The vitrification of oocytes or embryos is a freezing method which consists in dehydrating the oocytes or embryos with cryoprotective substances to protect them from damage and then submerging them in liquid nitrogen (-196ºC) in small volumes.
How is it done?
The embryos or oocytes are protected with solutions which contain high concentration of cryoprotectors and are then quickly placed in a small drop, hardly bigger than the embryo or oocyte. They are deposited on a device specially designed for this process, called Cryrotop, with the patient’s identification. The Cryrotop is submerged in liquid nitrogen and stored in the Nitrogen Bank.
What does the vitrification process consist of?
The main problem with freezing biological material is that ice crystals can form. Since water expands when it freezes it damages the surrounding tissue unless the water has been eliminated before freezing.
During the vitrification process all of the water from inside the cell is substituted with a cryoprotective solution, which allows the cells to be submerged in nitrogen without forming ice crystals.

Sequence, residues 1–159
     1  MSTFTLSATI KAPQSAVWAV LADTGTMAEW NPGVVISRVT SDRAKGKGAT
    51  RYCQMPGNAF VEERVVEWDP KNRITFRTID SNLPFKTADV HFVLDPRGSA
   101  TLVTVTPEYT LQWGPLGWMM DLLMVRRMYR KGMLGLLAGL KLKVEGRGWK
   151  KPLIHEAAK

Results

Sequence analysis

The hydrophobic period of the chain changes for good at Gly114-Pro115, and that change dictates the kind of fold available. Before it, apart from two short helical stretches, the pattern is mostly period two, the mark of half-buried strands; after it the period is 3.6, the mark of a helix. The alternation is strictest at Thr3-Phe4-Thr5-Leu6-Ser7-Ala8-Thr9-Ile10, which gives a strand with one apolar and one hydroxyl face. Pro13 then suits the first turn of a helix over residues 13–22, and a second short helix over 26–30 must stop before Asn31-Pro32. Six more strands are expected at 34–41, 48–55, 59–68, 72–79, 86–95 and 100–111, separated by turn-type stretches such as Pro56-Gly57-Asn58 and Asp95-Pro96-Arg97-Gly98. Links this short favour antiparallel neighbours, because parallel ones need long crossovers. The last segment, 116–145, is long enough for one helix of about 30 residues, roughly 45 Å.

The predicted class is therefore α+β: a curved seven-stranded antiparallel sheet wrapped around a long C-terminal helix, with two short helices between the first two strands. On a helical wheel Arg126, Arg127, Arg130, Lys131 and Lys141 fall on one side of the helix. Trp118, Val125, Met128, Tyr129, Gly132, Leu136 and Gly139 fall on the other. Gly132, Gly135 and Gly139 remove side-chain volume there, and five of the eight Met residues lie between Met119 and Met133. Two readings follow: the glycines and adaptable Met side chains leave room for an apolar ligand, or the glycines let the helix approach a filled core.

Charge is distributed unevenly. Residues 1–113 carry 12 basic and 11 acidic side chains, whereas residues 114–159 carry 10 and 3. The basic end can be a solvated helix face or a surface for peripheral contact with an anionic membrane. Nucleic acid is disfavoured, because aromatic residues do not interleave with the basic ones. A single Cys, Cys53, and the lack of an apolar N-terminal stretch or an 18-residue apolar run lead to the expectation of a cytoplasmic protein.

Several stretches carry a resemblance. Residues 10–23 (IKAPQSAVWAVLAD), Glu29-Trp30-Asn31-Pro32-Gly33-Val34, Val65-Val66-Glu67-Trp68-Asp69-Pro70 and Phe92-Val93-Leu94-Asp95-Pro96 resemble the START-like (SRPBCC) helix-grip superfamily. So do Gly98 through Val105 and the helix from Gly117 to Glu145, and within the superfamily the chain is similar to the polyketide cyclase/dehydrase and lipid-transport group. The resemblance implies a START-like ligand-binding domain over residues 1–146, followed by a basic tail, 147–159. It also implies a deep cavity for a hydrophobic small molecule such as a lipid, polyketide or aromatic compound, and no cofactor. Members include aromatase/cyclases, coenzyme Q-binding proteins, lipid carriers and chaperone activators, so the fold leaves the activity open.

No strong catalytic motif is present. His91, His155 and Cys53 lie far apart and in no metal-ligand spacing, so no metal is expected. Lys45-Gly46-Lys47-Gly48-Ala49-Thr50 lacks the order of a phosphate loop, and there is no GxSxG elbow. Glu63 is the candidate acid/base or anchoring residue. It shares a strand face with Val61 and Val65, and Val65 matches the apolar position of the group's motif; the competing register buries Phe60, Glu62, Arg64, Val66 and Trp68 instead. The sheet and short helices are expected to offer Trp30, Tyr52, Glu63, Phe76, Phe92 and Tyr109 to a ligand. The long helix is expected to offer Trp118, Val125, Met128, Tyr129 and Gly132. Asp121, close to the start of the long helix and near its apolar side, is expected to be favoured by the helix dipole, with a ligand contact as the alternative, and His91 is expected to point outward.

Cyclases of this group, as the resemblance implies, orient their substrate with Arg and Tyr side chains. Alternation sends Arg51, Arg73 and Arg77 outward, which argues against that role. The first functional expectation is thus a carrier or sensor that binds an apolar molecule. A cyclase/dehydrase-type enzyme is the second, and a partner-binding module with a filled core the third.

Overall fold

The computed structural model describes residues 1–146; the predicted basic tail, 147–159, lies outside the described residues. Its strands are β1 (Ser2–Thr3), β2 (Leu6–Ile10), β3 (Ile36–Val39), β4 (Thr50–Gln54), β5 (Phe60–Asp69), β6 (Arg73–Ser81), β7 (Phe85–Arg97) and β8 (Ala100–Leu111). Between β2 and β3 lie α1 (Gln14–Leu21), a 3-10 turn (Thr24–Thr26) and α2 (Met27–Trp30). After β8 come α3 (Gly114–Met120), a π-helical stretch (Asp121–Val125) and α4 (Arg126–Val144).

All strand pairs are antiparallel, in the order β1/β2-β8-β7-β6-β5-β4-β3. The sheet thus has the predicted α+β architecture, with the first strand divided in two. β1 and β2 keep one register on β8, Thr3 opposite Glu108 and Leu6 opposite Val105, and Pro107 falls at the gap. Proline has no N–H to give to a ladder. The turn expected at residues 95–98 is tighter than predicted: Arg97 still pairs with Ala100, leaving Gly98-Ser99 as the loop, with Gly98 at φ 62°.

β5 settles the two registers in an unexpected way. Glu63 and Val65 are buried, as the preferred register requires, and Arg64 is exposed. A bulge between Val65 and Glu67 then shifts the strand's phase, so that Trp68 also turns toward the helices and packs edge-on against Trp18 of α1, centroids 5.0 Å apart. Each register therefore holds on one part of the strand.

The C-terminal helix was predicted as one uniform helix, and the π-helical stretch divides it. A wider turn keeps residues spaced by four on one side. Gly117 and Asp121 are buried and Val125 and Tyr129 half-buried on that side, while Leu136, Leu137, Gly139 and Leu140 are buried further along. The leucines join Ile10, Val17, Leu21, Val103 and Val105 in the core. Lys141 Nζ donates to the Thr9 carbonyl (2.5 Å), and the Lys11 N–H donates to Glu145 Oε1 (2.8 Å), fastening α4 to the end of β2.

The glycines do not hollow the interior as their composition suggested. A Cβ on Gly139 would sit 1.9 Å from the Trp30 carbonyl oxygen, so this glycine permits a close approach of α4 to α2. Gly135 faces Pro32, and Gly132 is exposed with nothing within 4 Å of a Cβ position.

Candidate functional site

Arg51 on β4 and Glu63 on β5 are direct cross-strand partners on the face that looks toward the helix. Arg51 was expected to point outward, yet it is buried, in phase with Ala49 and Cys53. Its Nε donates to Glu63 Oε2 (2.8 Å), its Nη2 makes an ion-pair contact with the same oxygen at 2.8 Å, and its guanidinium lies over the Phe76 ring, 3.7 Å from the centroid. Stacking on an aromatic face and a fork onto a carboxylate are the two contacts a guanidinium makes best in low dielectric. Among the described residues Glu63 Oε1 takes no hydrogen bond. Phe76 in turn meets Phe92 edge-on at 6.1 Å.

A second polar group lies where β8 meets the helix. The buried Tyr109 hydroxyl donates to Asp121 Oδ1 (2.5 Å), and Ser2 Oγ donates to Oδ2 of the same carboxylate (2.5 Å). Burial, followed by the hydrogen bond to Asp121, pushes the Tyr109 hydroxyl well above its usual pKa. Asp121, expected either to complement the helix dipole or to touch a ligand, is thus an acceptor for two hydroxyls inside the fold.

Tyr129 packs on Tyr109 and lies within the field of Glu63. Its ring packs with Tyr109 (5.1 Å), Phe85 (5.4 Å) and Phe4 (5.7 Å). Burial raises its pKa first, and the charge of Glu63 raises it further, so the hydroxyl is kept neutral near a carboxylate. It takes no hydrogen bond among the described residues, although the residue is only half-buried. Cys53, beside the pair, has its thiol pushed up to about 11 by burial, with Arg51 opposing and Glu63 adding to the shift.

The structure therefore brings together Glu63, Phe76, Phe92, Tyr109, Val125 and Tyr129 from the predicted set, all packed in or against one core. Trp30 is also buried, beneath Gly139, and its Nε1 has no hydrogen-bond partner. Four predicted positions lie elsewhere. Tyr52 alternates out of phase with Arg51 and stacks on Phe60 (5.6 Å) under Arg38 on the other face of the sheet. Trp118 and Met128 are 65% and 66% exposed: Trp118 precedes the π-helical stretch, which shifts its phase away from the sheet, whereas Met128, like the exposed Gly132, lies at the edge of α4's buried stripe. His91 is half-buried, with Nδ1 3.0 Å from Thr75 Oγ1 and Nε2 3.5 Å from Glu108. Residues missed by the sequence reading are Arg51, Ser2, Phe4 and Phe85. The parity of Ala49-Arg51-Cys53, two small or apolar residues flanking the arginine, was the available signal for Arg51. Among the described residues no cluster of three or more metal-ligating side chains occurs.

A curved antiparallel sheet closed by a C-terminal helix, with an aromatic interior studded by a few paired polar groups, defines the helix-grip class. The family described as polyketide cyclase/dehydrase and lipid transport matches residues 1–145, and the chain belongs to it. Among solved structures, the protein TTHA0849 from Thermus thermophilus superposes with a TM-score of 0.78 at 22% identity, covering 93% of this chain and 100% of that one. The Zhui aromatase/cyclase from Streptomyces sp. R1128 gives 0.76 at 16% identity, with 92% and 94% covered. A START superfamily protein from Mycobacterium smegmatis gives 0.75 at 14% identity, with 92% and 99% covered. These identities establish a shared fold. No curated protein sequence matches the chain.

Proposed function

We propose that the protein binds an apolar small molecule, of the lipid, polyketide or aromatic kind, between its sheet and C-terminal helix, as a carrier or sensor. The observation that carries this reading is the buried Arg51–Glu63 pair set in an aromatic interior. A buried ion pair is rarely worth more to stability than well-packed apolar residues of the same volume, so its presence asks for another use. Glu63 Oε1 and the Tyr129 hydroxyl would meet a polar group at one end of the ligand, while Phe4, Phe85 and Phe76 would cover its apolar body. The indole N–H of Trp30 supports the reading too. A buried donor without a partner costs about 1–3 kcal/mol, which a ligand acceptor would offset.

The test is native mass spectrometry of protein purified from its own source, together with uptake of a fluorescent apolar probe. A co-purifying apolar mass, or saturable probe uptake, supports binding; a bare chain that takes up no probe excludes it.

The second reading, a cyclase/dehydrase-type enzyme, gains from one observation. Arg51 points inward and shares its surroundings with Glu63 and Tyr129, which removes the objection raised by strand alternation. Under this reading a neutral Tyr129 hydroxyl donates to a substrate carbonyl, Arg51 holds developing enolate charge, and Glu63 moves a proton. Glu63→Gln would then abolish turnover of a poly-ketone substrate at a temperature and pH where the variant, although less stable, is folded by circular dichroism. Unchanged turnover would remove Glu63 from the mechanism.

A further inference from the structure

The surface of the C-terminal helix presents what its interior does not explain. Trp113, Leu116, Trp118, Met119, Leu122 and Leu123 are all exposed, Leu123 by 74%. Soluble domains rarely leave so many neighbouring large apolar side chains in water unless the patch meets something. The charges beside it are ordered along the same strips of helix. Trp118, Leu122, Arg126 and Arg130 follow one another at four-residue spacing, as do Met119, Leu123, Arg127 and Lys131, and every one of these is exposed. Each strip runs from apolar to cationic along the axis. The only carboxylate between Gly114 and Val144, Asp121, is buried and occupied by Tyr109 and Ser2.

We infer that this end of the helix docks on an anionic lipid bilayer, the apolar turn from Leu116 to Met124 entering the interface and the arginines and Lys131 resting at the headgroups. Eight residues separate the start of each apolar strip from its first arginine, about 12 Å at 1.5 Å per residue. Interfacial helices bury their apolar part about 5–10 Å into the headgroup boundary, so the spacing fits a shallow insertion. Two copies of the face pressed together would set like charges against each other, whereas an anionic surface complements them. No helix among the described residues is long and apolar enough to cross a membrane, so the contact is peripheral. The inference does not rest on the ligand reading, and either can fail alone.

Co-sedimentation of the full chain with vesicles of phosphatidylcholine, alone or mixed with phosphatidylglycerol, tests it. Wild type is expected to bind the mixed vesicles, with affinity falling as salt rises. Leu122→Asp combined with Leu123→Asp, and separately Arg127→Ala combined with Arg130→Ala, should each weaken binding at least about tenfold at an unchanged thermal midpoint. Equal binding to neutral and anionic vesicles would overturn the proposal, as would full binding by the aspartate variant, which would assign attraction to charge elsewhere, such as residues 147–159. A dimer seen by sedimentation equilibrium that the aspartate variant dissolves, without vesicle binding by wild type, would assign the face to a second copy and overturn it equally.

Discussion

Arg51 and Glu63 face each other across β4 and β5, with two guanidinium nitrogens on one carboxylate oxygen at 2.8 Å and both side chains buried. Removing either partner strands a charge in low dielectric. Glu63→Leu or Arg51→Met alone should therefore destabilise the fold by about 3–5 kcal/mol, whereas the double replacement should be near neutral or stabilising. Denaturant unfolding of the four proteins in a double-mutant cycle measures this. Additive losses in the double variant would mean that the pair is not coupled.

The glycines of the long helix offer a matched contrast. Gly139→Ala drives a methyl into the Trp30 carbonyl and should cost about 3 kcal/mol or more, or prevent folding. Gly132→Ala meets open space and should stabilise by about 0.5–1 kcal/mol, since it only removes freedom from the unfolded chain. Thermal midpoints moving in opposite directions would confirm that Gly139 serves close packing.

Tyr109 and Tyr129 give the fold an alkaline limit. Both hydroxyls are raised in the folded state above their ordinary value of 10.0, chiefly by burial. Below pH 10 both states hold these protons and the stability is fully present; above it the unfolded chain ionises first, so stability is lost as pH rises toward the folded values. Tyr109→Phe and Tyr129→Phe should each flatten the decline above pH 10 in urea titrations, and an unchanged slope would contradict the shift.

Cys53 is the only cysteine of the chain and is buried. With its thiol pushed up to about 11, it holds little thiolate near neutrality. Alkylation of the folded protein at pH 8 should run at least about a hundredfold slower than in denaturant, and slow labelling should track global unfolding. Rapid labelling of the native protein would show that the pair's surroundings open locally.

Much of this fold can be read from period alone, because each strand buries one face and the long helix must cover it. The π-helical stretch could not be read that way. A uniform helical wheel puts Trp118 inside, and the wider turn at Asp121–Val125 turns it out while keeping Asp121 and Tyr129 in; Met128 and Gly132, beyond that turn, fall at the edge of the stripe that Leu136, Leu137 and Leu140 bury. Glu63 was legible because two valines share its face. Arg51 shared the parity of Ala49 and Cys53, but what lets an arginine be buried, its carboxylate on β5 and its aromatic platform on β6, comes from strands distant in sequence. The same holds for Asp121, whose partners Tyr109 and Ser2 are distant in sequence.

Why is it better than the traditional freezing technique and what is the difference?
Since this method uses an increased concentration of cryoprotectants it is more efficient in eliminating water from the cell, giving the embryos or oocytes more protection against the side effects of freezing. The traditional freezing method is slower, and many times the cells aren’t able to be totally dehydrated, putting the embryos and oocytes at risk.
Why does it improve the success rates in ovule programs?
The oocyte vitrification will improve future success rates because, although fresh oocytes and embryos are more likely to be successfully implanted than the frozen ones, the advantage of using frozen eggs is that they are easily available. Using frozen eggs also reduces the waiting period and improves synchronisation between the donor and the recipient.
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